``John More gets attacked by Indians. That was my favorite story,'' says Eric More Marshall, family president.
One of the Mores was Jay Gould, 19th-century railroad mogul, who once said that any More cousin could ride on the train free of charge to come to the family reunion. This offer was heartily appreciated. ``Most of these guys were dirt farmers,'' says Mr. Marshall, laughing.
Marshall, a former high school history and economics teacher, is now traveling the country representing Better Homes and Gardens Family Network, which has as one of its goals the promotion of family reunions.
``Before World War I,'' he says, ``you were born, lived, and died in the same place.''
In those days, family reunions were just a natural part of life. But today, organizing a reunion is a massive project. Marshall has this advice for anyone starting up his own family reunion:
First, you have to come up with a master list.
``It's easy to do,'' he says. Write down the names of your closest relatives. If you need some help, contact a relative with an up-to-date Christmas card list.
Hiring a genealogist is expensive. ``I suggest you do it yourself,'' says Marshall. Courthouses have birth records. The National Archives has just completed a list of everyone who was ever in the military.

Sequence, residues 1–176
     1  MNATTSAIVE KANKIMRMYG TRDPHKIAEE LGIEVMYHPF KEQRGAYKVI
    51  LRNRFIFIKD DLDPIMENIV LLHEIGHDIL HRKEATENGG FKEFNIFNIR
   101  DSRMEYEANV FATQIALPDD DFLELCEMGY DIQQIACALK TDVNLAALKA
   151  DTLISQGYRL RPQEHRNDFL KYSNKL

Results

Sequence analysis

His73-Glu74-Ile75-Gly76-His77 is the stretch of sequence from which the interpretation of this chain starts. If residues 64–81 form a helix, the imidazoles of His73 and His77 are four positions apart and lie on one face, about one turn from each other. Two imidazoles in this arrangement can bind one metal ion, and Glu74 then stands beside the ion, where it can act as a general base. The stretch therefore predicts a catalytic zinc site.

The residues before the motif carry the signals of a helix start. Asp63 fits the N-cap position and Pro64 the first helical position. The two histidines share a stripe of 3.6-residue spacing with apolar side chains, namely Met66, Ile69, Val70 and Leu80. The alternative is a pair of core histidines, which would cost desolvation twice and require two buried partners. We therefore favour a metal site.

Sources for shipping lists - who came on what vessel - are the New York Public Library and the Library of Congress. ``The Library of Congress doesn't have much original material, but they have published material,'' according to Marshall.
You might end up doing that first reunion yourself, but the next year you should be able to organize a committee to share the work.
Better Homes and Gardens offers a free booklet, ``Gathering the Generations.'' Write to Family Reunion Guidebook, Better Homes and Gardens, PO Box 10237, Des Moines, IA 50336.